Bob Sutton worked up a checklist with staff at LinkedIn and Guy Kawasaki a few years ago to help determine if a prospective hire was likely to be a problem boss. The resulting list below builds on the ideas in his books “The No Asshole Rule” and “Good Boss, Bad Boss”.
For in-house designers who may have many bosses in the form of multiple clients, the list below may be especially relevant. If you’re lucky enough and busy enough to turn down clients’ projects you should consider using the bad boss criteria to help you decide whether to work with a new client or not. Who cares if they end up going to an outside agency – if they’re that difficult to work with, better to let an experienced account exec deal with their craziness.
If you have to deal with them I suggest you read Bob’s books to pick up excellent strategies and tactics for dealing with them.
1. Kisses-up and kicks-down: “How does the prospective boss respond to feedback from people higher in rank and lower in rank?” “Can you provide examples from experience?” One characteristic of certified assholes is that they tend to demean those who are less powerful while brown-nosing their superiors.
2. Can’t take it: “Does the prospective boss accept criticism or blame when the going gets tough?” Be wary of people who constantly dish out criticism but can’t take a healthy dose themselves.
3. Short fuse: “In what situations have you seen the prospective boss lose his temper?” Sometimes anger is justified or even effective when used sparingly, but someone who “shoots-the-messenger” too often can breed a climate of fear in the workplace. Are co-workers scared of getting in an elevator with this person?
4. Bad credit: “Which style best describes the prospective boss: gives out gratuitous credit, assigns credit where credit is due, or believes everyone should be their own champion?” This question opens the door to discuss whether or not someone tends to take a lot of credit while not recognizing the work of his or her team.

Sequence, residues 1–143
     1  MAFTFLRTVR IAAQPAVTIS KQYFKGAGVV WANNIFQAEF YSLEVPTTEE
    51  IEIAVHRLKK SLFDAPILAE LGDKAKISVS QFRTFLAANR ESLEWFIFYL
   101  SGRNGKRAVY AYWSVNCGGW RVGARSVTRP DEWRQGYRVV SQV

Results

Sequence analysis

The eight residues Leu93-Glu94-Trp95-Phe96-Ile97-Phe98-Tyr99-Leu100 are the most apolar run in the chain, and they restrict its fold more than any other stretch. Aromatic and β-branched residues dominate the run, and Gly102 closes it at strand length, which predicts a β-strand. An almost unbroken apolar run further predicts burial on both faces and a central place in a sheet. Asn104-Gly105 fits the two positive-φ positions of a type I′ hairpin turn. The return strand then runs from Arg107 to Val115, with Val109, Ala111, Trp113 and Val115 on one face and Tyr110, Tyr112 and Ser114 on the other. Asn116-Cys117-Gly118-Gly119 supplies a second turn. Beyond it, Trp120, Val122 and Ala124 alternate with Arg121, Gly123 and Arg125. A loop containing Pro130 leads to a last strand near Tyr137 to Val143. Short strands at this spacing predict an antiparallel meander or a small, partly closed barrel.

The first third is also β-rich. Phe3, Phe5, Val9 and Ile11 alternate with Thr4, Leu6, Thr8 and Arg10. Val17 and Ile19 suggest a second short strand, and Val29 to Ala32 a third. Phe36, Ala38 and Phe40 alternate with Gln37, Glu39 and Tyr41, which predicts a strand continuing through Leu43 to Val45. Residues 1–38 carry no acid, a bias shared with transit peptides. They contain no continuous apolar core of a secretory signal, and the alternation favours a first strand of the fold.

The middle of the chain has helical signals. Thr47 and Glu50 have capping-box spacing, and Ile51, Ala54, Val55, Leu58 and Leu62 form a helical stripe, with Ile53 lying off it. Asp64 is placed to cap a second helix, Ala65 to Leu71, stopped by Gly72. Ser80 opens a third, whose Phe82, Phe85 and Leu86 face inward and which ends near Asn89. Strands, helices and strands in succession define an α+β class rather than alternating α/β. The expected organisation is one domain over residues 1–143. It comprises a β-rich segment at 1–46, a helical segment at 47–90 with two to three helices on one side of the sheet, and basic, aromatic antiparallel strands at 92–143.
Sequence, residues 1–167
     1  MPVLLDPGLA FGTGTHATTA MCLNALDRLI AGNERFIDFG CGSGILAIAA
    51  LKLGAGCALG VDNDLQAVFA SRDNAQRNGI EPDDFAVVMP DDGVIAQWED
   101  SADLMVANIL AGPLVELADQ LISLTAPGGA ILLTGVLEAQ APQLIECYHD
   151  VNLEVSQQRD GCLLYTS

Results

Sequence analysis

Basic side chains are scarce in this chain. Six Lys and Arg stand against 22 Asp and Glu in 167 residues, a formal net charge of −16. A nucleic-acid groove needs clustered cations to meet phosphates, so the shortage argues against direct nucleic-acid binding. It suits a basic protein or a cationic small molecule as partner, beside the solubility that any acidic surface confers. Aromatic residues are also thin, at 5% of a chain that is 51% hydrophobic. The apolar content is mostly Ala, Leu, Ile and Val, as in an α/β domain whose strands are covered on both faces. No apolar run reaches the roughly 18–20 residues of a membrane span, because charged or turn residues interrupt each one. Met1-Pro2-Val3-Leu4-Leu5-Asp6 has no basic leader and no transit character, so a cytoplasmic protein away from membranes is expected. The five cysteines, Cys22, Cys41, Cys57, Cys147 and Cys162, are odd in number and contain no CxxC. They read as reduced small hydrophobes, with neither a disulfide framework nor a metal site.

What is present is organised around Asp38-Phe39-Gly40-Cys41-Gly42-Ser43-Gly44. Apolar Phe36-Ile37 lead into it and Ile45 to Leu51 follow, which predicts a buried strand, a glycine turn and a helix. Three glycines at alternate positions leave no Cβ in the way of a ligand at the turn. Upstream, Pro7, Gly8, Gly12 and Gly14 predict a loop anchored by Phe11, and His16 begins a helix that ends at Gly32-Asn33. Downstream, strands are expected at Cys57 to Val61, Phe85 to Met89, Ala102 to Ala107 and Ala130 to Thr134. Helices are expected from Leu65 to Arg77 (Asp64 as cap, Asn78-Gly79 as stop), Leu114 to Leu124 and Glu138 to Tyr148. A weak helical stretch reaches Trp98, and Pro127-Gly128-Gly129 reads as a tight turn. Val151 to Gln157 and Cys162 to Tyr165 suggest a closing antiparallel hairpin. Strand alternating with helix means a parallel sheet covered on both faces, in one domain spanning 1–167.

5. Canker sore: “What do past collaborators say about working with the prospective boss?” Assholes usually have a history of infecting teams with nasty and dysfunctional conflict. The world seems willing to tolerate talented assholes, but that doesn’t mean you have to.
6. Flamer: What kind of email sender is the prospective boss? Most assholes cannot contain themselves when it comes to email: flaming people, carbon-copying the world, blind carbon copying to cover his own buttocks. Email etiquette is a window into one’s soul.
7. Downer: “What types of people find it difficult to work with the prospective boss? What type of people seem to work very well with the prospective boss?” Pay attention to responses that suggest “strong-willed” or “self-motivated” people tend to work best with the prospective boss because assholes tend to leave people around them feeling de-energized and deflated.
8. Card shark: “Does the prospective boss share information for everyone’s benefit?” A tendency to hold cards close to one’s chest—i.e., a reluctance to share information—is a sign that this person treats co-workers as competitors who must be defeated so he or she can get ahead.
9. Army of one: “Would people pick the prospective boss for their team?” Sometimes there is upside to having an asshole on your team, but that won’t matter if the coworkers refuse to work with that person. Use this question to help determine if the benefit of having the prospective boss on your team outweighs any asshole behaviors.
10. Open architecture: “How would the prospective boss respond if a copy of The No Asshole Rule appeared on her desk?” Be careful if the answer is, “Duck!”
More Resources on Client Relationships